Back in class: New teachers greet Crothersville students



While one new Crothersville teacher starts her 22nd year in education, another one is just beginning her career.

Veteran educator Delcie Pace is one of two new staff members at Crothersville Junior-Senior High School, joining part-time guidance counselor Kaitlyn Richey.

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At the elementary school, Kourtney Settle has joined the staff as a fourth-grade teacher.

Crothersville’s first day of school was Tuesday — the first Jackson County school corporation to begin the 2016-17 school year.

Settle, 22, a 2012 Brownstown Central High School graduate who lives in Vallonia, graduated from Franklin College in the spring with a bachelor’s degree in elementary education.

She follows in the footsteps of her mother, Sherry, whose first teaching job was at Crothersville and now teaches science at Columbus East High School.

“She started out here, and I think it’s kind of cool that I’m starting out here now, and several of my students, their parents my mom had, so it’s pretty neat how everything worked out,” Settle said.

“I know she’s an awesome teacher,” she said. “I see kids writing on her Facebook wall and talking to her and saying all of these awesome things about her, and it’s like, ‘I want that to happen to me.’”

Settle said she remembers visiting her mother’s classroom when she was younger, and it always has been her goal to become a teacher.

“I’ve never wanted to be anything else but a teacher,” she said. “There has never been a backup plan, which could have been bad, but it all worked out, and I know that I’m supposed to be a teacher. I know that’s what God’s plan is for me, and I’m just really excited to start.”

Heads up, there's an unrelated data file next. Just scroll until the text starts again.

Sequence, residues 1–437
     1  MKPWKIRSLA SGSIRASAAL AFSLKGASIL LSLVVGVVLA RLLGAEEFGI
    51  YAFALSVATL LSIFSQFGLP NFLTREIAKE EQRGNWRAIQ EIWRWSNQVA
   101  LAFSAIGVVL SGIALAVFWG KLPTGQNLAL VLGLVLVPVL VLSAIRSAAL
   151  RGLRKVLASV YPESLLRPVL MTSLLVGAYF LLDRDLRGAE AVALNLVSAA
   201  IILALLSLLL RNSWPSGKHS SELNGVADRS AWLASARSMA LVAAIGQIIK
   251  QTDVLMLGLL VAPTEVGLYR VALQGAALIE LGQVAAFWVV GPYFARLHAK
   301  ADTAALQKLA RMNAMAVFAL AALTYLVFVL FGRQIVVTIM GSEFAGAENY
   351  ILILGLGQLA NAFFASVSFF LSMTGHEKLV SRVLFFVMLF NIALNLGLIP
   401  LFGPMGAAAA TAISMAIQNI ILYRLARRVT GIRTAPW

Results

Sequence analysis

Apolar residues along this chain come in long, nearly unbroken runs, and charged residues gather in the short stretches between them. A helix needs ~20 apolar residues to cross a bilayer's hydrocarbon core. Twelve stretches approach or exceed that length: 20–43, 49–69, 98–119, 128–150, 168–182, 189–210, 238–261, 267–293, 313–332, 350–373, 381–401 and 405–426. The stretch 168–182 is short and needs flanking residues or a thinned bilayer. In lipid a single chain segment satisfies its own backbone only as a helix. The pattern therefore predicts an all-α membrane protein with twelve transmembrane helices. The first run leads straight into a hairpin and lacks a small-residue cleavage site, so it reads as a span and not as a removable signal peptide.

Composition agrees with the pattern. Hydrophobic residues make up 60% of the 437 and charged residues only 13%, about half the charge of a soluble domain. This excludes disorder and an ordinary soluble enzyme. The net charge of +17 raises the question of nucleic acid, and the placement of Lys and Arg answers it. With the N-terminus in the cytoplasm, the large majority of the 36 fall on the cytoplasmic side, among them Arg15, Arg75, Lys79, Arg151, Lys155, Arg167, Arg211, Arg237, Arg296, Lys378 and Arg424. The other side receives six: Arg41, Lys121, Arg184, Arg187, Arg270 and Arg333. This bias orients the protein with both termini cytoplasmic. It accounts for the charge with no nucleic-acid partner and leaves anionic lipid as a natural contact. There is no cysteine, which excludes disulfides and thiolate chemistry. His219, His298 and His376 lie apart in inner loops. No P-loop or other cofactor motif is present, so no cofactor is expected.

Settle said she was fortunate because Franklin College has a high percentage of education students who land a job right after graduation. She was a student teacher at Northwood Elementary School in Franklin during her senior year and can teach kindergarten through fifth grade.

Settle had 18 students in her classroom Tuesday.

“I’m excited to get to know the rest of the staff better and my students. I’m just excited to get to meet everyone and become a part of this family,” she said. “I’m just really excited to start my teaching career, and it has been a lifelong dream of mine, so I’m really happy that it has finally come true.”

Pace, 41, spent all of her previous years in education at Columbus schools. The past two involved teaching junior high English at Columbus Christian School.

She found out about the opening at Crothersville on the Indiana Department of Education website.

“I knew that I wanted to try outside of where I lived because I’ve never been in education outside of where I lived,” the Columbus resident said.

Several years before graduating from Columbus East High School in 1993, Pace said she was drawn toward becoming a teacher. She recalled getting done with her work early in second grade and her teacher allowing her to help her classmates.

“That’s what led me into the field of education,” she said. “I’m still friends with my second-grade teacher, and I was like, ‘I became a teacher because of what you did.’”

At Crothersville, Pace is teaching English to sophomores, juniors and seniors.

She said her goal is to push students out of their comfort zone and have them participate in interviews and engage in conversation.

“I always look at every year as a new adventure, and so I’m really anxious to see where it takes me,” Pace said. “Right now, I’m just kind of seeing where it all leads and going from there.”

Junior-senior high school Principal David Schill said he expects enrollment numbers to be similar to the end of the 2015-16 school year, which was about 230 in grades 6 through 12. As of Tuesday morning, nearly 10 new students had enrolled.

At the elementary, Principal Chris Marshall said he hopes to see enrollment reach 280, which would be the largest in his nine years at the school. He has nearly 40 new students in kindergarten through fifth grade.